President Jimmy Carter's style shows up crisp and clear in full natural color in the newly revised edition of "The Living White House."

This authorized version of the mansion's social history is revised periodically to include the new occupants. The new edition just out is the first to show Jimmy and Rosalynn Carter.

Other editions have concentrated on the pomp and circumstance of the house: the official dinners, the military parades. This edition, instead, shows a populist presidency. Mrs. Carter, her staff said, spent considerable time going over the photographs to be sure they were representive.

So what we see in the book are stock car racers picnicking on the White House lawn, President and Mrs. Carter stealing an intimate glance and word on the way to a NATO conference, Amy Carter hugging Misty the iat.

The pictures add up to a big picture of the Carter White House as a friendly, comfortable plaie run by people who don't stand on ceremony.

There is glamor and elegance aplenty, of course. West German Chancellor Helmut Schmidt and his wife stand with the Carters in the Great Hall for an official portrait. And laughing Carters are seen coming up the North Portico in full-evening regalia with Turkish Prime Minister Bulent Ecevit.

Lonnelle Aikman, who has written the history since 1967, the first edition, notes, "Natural, 'spontaneous' and 'family' are words often used to describe the prevailing social style at the mansion." She goes on to say that the Carters have entertained on the White House lawns more than any other first family. And she cites the time that Carter sang "Salt Peanuts" with Dizzy Gillespie as evidence of the Carters' relaxed style.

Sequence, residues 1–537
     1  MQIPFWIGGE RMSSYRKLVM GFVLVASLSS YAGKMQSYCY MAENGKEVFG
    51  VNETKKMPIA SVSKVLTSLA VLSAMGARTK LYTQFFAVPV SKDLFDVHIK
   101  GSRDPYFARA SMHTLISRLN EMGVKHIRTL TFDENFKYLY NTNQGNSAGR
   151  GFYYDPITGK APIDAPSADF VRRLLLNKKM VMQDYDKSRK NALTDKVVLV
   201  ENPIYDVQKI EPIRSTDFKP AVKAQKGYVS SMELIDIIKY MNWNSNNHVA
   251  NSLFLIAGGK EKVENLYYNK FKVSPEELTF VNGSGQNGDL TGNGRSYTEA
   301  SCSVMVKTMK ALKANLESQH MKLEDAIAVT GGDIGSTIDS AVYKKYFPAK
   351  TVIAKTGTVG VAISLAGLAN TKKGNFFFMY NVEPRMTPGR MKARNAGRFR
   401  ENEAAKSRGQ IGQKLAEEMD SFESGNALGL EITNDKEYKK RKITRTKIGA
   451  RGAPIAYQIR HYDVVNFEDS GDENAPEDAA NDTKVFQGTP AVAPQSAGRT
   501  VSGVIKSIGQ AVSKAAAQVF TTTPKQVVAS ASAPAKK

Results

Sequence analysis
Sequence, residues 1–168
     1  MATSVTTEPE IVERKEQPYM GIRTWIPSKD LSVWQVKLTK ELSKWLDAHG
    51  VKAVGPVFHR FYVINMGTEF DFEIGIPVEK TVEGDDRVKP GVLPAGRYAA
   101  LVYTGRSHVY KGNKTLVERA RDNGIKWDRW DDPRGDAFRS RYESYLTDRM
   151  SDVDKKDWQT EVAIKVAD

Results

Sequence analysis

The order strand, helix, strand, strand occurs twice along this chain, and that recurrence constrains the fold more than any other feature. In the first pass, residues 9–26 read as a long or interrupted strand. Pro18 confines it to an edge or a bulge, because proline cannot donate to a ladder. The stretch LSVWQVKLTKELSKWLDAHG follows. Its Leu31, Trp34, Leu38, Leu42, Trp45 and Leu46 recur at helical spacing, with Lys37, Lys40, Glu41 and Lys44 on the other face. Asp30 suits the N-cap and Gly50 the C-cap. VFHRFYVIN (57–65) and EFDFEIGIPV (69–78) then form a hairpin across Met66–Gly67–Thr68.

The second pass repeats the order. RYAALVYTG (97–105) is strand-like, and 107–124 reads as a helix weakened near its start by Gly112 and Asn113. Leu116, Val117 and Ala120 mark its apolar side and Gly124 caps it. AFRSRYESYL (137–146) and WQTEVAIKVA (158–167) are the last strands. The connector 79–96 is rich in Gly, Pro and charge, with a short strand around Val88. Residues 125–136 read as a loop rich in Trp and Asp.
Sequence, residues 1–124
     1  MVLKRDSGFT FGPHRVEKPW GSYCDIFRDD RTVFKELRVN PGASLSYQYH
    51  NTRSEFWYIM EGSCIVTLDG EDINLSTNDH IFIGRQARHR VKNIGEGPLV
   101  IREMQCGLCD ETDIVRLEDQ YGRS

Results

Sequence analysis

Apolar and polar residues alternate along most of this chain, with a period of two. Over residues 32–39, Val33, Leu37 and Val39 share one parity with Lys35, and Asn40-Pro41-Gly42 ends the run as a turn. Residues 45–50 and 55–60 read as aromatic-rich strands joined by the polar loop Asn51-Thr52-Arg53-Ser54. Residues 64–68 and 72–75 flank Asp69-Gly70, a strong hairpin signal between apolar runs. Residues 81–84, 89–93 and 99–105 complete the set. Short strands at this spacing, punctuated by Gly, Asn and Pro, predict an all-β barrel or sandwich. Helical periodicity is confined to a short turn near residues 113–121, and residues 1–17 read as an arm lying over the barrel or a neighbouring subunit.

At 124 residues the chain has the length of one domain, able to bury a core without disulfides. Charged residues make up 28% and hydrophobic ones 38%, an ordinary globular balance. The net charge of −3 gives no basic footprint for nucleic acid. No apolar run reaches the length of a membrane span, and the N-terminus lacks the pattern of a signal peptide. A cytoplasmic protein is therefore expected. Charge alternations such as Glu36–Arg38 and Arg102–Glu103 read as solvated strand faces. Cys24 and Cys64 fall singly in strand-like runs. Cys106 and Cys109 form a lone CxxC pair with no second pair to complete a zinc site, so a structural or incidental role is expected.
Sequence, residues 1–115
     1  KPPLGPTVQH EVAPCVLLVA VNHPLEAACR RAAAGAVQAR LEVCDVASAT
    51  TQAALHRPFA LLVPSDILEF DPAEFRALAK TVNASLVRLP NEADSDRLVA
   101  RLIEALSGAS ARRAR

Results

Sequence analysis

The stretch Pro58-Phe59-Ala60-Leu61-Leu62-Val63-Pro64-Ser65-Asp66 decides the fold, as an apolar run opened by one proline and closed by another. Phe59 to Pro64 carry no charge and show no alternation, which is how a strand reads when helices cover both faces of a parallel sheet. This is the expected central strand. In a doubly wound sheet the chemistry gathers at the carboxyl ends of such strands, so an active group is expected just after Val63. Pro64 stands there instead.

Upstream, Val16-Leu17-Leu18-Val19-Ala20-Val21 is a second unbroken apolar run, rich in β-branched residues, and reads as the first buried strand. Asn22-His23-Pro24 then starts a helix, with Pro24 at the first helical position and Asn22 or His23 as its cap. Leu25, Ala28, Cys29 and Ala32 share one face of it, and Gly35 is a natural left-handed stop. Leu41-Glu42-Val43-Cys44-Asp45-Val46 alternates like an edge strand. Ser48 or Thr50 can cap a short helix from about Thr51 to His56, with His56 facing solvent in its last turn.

And then there's the story about the time British Prime Minister and Mrs. James Callaghan stopped for a call and were invited to stay on for a Southern-style supper with movie afterwards.

Pictures also show some of the people who make the Carter style work, including Social Secretary Gretchen Poston and Head Usher Rex Scouten with maitre d'hotel John W. Ficklin.

The new edition spends more space than usual on the activities of the first lady. "Few first ladies have embarked on such far-reaching programs as Rosalynn Carter," writes 8 Aikmann, citing Mrs. Carter's efforts on behalf of mental health.

The book ends with the place where the buck stops. It recalls Carter's signing of the Panama treaties and the peace conference between Israel and Egypt.

The book is produced by the National Geographic for the White House Historical Association. Profits go to buy furnishings for the house.

The books will be sold at the White House during tours. They are also available for $2.60 by mail from the White House Historical Association, 5026 New Executive Office Building, 726 Jackson Place NW, Washington, D.C. 20506.